Databanks (A) NCBI(National Center for Biotechnology Information) is a home for many public biological databases (see an older diagram below). All of the databases are interlinked, and they all have common search and retrieval system - Entrez. Another more complete representation with an interactive display of the number of the connections between the different databases in ENTRZ is here.
Entrez / Pubmed, continued • An interactive Pubmed tutorial click here. • An Entrez tutorial (non interactive) is here • Use Boolean operators (AND, OR, NOT) to perform advanced searches. Here is an explanation of the Boolean operators from the Library of Congress Help Page. • Explore features of Entrez interface: Limits, Index, History, and Clipboard. • Search Field Tags- Listed here.
Other Literature databanksand Services While Pubmed is incorporating more and more non-medical literature, there might still be gaps in the coverage. Alternatives are local services offered at the UConn libraries. Especially Current Contents and Agricola nicely complement PubMed. The best way to access them is the use of "SilverPlatter" database. Also, the "Web of Science" database gives access to the Science Citation Index: a database that tracks cited references in journals. Note that these resources are restricted to UConn domain, so you either need to access it from a campus computer or through the proxy account.
Search Robots PubCrawler allows to run predefined literature searches. Results are written into a database and you are send an email, if there were new results. NCBI now offers a similar service (see My NCBI (Chubby), check the tutorial). Swiss-Shop is offering the same service for proteins
Sequence and structure databanks can be divided into many different categories. One of the most important is Supervised databanks with gatekeeper. Examples: Swissprot Refseq (at NCBI) Entries are checked for accuracy. + more reliable annotations -- frequently out of date Repositories without gatekeeper. Examples: GenBank EMBL TrEMBL Everything is accepted + everything is availabel -- many duplicates -- poor reliability of annotations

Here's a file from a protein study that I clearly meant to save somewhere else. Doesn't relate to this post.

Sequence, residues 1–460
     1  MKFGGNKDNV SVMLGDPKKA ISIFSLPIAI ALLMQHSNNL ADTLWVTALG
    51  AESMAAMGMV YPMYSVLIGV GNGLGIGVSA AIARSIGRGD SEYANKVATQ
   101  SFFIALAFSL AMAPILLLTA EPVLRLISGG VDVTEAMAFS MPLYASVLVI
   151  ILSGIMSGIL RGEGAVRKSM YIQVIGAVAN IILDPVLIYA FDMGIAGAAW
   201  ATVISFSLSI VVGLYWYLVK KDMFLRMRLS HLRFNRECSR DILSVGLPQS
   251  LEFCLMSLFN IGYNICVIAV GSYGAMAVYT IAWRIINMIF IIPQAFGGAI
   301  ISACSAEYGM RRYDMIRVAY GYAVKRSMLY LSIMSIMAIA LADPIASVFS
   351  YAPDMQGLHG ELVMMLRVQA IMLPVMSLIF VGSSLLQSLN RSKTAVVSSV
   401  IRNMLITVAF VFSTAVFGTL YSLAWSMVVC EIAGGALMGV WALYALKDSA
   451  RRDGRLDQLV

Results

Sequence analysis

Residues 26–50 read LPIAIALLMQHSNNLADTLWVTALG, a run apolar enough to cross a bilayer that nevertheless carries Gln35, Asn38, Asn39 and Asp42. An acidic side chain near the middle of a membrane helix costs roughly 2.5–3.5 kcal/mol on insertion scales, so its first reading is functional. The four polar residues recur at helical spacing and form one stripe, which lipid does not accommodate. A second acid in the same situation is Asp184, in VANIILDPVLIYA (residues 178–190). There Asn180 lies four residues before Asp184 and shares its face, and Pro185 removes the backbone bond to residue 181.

Other web pages besides the NCBI • Nucleic Acid Research Database Issue Every year, the first issue of Nucleic Acid Research is devoted to updates on biological databases. • http://www.ebi.ac.uk/ The European homolog/analog to NCBI. • http://rdp.cme.msu.edu/ The US ribosomal databank project • http://www.jgi.doe.gov/The Joint Genome Institute • A recent addition is the integrated microbial genomes site at http://img.jgi.doe.gov/, the coolest feature is the selected gene neighborhoods. • http://www.genomesonline.org/ Most up to date information on ongoing and completed genome projects – free for academic users. • Several more organism specific resources: • http://genome-www.stanford.edu/ Yeast and Arabidopsis genome projects • http://www.flybase.org/ Database of Drosophila Genome • http://www.arabidopsis.org/ TAIR - The Arabidopsis Information Resource • http://www.ensembl.org/ Ensembl Genome Browser (Eukaryotic genomes, including Human and Mouse genomes)
UNIX Basic UNIX commands ls, cd, chmod, cp, rm, mkdir, more (or) less, vi, ps, kill -9, man A brief listing is here chmod is a particular pain in the ... . Under unix every file has an owner and the owner, his group and everyone else have permissions to read, write and/or execute the file (or they don’t). If you want to see which permissions are currently assigned to your files, type ls -l at the command prompt. chmod a+x *.pl gives everyone execute permission for all files that end with .pl the * is a wildcard. (warning don't ever use rm in conjunction with *) For more on chmod type ”man chmod” or see here. (In the OSX GUI you can control click at a file, and change permissions in the info box). Most ssh clients (FUGU and SSH) allow you to use a GUI to change file permissions (in FUGU ctrl click).